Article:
In previous posts, we have discussed medical malpractice caused by young and inexperienced doctors and surgeons. Recent evidence suggests that older doctors with ailing health can also pose serious risk to patients. With the baby boomers coming into retirement age, the issue of aging doctors is prominent in New York City and nationwide.
Unlike some professional licensing programs, including federal pilot licenses, which require yearly tests to ensure good health and ability, the medical profession has no regulations to test mental and physical abilities of aging doctors. This can create serious risks, especially when an older doctor suffers dementia, memory loss, or even physical ailments that can impact ability.
Older doctors with dementia could forget about their patients, necessary treatment, or simply be unable to diagnose. Aged doctors may also be at a greater risk of stroke or heart attack which could endanger patients on the operating table or in the emergency room. Impaired physicians are a serious risk and could be leave hospitals open to medical malpractice liability in the event of an injury or wrongful death.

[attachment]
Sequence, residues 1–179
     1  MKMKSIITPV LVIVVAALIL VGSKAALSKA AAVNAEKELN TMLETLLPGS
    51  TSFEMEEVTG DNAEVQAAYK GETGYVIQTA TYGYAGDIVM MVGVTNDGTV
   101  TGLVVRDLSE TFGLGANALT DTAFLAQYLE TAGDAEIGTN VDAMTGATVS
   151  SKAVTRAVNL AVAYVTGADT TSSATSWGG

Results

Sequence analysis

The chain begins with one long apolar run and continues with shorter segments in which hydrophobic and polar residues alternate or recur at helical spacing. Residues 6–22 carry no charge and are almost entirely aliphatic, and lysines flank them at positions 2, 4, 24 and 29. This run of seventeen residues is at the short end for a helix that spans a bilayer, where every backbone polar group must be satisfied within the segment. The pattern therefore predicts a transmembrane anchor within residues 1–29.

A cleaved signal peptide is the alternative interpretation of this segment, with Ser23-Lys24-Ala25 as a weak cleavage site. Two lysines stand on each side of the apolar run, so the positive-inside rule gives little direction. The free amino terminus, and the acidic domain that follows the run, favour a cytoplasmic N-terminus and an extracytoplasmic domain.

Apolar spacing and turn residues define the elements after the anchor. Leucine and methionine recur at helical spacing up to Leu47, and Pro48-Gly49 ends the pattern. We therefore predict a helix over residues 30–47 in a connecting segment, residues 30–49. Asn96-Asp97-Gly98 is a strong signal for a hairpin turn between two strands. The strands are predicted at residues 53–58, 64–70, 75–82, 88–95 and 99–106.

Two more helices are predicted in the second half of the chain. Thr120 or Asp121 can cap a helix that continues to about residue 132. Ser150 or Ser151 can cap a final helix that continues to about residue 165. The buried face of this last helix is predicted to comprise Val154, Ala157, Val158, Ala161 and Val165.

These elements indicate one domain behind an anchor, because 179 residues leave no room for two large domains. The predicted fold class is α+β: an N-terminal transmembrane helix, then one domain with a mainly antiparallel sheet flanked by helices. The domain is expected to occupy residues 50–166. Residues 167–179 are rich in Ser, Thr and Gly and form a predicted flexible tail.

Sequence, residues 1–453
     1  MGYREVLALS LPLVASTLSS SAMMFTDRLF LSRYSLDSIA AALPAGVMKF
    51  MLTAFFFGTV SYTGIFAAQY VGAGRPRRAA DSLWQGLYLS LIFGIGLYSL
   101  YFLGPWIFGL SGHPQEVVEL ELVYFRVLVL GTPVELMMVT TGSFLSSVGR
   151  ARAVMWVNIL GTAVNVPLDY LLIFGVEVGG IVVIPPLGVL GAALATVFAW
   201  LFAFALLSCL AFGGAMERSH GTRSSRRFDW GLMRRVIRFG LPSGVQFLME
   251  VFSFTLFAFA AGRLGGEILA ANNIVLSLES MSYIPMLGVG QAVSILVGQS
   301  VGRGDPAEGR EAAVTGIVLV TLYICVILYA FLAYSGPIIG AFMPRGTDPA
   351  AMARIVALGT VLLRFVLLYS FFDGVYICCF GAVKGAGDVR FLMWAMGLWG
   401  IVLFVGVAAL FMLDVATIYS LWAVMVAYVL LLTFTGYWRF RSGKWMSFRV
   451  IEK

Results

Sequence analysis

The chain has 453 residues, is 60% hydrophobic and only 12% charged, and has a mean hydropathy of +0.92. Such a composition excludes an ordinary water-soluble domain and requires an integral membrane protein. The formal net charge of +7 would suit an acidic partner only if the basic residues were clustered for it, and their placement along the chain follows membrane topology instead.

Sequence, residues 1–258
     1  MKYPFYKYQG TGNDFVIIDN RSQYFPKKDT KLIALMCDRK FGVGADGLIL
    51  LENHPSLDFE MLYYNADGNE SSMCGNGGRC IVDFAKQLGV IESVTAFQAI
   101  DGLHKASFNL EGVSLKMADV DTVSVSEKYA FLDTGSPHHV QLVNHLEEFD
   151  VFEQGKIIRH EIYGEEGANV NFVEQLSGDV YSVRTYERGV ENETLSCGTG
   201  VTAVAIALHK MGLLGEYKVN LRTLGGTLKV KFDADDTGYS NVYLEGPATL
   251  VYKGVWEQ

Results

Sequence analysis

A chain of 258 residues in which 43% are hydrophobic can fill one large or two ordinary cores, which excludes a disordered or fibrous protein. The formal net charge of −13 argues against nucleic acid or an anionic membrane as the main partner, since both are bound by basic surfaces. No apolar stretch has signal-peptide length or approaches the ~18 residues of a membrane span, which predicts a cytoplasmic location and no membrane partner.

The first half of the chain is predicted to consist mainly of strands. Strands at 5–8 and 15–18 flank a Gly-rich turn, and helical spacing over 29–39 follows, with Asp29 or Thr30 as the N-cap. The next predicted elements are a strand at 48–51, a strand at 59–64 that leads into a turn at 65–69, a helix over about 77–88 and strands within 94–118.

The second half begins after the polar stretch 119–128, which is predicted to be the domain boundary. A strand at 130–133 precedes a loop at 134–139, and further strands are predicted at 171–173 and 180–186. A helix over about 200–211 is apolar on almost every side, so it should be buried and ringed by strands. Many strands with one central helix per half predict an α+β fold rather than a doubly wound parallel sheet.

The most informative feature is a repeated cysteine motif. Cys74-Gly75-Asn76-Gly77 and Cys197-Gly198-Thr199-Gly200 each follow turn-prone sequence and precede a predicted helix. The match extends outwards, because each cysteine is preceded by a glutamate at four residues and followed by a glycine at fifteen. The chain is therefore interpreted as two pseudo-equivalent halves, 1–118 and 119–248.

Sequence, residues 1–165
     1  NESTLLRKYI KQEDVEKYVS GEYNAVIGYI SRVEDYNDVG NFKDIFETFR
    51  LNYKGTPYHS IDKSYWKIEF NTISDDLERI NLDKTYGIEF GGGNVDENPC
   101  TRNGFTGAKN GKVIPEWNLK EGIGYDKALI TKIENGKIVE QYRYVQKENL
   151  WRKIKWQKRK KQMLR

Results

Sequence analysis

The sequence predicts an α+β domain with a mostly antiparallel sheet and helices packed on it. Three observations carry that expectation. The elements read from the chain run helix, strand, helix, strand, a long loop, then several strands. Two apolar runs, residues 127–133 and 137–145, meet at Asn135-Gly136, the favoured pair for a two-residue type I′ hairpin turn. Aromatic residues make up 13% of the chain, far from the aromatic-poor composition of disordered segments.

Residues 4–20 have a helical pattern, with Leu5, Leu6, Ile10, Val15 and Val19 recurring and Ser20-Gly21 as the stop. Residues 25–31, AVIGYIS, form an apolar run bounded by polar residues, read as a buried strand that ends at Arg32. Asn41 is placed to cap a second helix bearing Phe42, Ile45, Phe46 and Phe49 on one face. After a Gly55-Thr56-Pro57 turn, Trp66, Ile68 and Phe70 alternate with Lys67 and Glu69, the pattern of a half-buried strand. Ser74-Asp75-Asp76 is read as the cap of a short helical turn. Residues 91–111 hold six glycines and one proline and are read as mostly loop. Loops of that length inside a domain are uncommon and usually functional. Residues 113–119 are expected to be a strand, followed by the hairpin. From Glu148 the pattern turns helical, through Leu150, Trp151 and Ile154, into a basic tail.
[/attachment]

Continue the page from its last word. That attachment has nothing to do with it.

Some hospitals are trying to take control of the issue by imposing regulations for aging doctors to ensure that they are competent to treat patients. While there are no formal evaluations required to ensure the competence of older doctors, some programs have been initiated to test doctors who have been referred by state boards. According to recent statistics there are about 8,000 practicing doctors with full-blown dementia.
Like the rest of us, doctors are not immune to the effects of aging. The onset of dementia can be gradual, but debilitating. Unfortunately, many of the symptoms are noticed when it is too late. In many cases, a doctor’s inability is not recognized until after the injury or death of a patient. If you or someone you love was injured by an aged doctor, you should consult with an advocate who can review the facts of your case. A hospital may be liable for your losses.
Source: The Washington Post, “As doctors grow older, hospitals begin requiring them to prove they’re still fit,” Sandra G. Boodman, Dec. 10, 2012